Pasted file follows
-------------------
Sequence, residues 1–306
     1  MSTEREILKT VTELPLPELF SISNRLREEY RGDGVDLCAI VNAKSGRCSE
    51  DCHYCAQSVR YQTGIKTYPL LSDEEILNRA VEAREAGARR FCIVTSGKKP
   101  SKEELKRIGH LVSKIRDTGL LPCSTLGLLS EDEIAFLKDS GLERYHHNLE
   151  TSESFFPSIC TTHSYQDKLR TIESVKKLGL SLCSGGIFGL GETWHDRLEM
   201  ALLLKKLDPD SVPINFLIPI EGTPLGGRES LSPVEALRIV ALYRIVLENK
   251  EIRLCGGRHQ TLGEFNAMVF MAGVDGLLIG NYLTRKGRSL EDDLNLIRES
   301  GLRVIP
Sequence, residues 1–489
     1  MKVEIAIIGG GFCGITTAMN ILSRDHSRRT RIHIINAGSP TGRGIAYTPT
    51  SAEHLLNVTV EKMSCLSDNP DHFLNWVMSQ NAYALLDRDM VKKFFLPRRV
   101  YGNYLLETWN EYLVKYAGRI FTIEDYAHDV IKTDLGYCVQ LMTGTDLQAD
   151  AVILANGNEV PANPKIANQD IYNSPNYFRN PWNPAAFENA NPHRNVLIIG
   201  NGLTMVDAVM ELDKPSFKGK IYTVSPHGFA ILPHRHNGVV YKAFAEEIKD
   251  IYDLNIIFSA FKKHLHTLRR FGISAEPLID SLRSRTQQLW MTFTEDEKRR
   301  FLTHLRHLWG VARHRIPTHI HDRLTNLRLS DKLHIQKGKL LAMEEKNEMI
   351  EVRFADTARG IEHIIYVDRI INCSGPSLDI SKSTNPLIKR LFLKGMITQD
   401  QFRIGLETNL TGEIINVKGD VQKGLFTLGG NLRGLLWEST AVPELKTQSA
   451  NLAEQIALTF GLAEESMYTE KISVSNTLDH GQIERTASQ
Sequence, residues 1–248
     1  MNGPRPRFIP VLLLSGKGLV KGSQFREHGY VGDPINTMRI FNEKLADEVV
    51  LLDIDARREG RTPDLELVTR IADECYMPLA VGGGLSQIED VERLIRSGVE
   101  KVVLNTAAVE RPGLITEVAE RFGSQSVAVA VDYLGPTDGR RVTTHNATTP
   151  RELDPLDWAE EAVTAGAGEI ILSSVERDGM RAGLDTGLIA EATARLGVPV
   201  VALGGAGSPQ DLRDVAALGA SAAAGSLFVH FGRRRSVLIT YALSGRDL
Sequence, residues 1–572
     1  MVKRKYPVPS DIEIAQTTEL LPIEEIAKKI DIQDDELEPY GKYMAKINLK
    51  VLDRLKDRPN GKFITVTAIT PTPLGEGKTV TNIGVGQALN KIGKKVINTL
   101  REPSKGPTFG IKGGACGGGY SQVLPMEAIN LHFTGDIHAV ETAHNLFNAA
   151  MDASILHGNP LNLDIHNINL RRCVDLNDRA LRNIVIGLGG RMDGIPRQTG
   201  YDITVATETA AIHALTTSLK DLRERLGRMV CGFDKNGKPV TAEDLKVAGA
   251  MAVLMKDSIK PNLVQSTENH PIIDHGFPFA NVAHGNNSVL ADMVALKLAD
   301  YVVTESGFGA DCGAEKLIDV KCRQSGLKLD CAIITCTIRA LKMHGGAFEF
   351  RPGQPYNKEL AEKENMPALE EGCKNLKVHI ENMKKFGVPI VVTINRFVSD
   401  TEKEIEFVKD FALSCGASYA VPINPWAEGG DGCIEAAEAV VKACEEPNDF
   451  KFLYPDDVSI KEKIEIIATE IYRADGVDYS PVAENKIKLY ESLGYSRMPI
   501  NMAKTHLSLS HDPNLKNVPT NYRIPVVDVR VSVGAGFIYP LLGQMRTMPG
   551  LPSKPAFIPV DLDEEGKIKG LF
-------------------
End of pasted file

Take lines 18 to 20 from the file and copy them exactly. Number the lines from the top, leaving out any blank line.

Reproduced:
   401  QFRIGLETNL TGEIINVKGD VQKGLFTLGG NLRGLLWEST AVPELKTQSA
   451  NLAEQIALTF GLAEESMYTE KISVSNTLDH GQIERTASQ
Sequence, residues 1–248